5. INJURIES DISRUPT CHEMISTRY, CONTINUITY – The bad news for the Bucs this preseason was that the injury bug bit early and often in training camp, causing several players to miss practice time and playing time in the exhibition games. The good news for the Bucs is that hardly any of the injuries were severe.
Receiver Joe Jurevicius has been battling knee and back injuries this offseason and will be shelved until after the sixth game of the season. But wideout Charles Lee returned from a torn hamstring in time to play in the preseason finale and secure a roster spot.
Tampa Bay’s offensive line is a different story. Insiders will tell you that the Bucs’ starting front five should have been left tackle Derrick Deese, left guard Matt O’Dwyer, center John Wade, right guard Matt Stinchcomb and right tackle Todd Steussie before injuries struck. O’Dwyer is on the PUP (physically unable to perform) list and will be out at least six more weeks, and Deese has missed most of training camp and three preseason games with an ailing foot that required surgery. Steussie has also been bothered a bit by a sore knee.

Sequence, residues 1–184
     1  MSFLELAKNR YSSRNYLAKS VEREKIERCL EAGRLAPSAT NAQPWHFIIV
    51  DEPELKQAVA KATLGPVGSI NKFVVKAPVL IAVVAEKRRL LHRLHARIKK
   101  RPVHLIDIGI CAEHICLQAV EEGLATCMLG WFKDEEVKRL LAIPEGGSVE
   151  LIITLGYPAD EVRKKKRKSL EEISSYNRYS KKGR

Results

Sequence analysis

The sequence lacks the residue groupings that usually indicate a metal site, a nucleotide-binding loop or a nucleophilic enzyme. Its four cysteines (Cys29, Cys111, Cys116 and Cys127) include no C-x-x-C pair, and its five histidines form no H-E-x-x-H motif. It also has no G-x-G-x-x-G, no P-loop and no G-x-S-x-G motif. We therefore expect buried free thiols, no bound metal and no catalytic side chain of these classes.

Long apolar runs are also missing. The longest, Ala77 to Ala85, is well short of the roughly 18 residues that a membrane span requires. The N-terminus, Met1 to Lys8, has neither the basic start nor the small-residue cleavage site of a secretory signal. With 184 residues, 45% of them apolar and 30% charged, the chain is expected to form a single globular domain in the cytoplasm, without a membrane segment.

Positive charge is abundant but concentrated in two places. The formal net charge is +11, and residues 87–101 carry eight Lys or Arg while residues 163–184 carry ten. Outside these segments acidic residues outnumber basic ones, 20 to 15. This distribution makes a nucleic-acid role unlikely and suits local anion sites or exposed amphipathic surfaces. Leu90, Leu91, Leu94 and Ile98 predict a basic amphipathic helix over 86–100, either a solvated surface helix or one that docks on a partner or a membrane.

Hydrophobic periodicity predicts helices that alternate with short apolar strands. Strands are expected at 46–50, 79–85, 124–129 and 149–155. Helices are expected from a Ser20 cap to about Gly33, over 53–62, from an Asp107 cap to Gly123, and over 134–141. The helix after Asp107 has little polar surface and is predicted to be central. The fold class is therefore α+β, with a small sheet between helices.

These injuries have slowed the developing chemistry of the offensive line this preseason. However, the byproducts of these injuries have been the emergence of left tackle Anthony Davis and the elevated game of guard Cosey Coleman, who has secured a starting spot at right guard opposite Stinchcomb, who missed half of the preseason with a calf injury.
The Bucs offensive line should be better and more talented than a year ago, but the injuries in preseason will cause this unit to develop continuity over the month of September rather than the month of August.
UP NEXT: Pewter Report takes a look at the Bucs’ five positives from the 2004 preseason on Wednesday on PewterReport.com.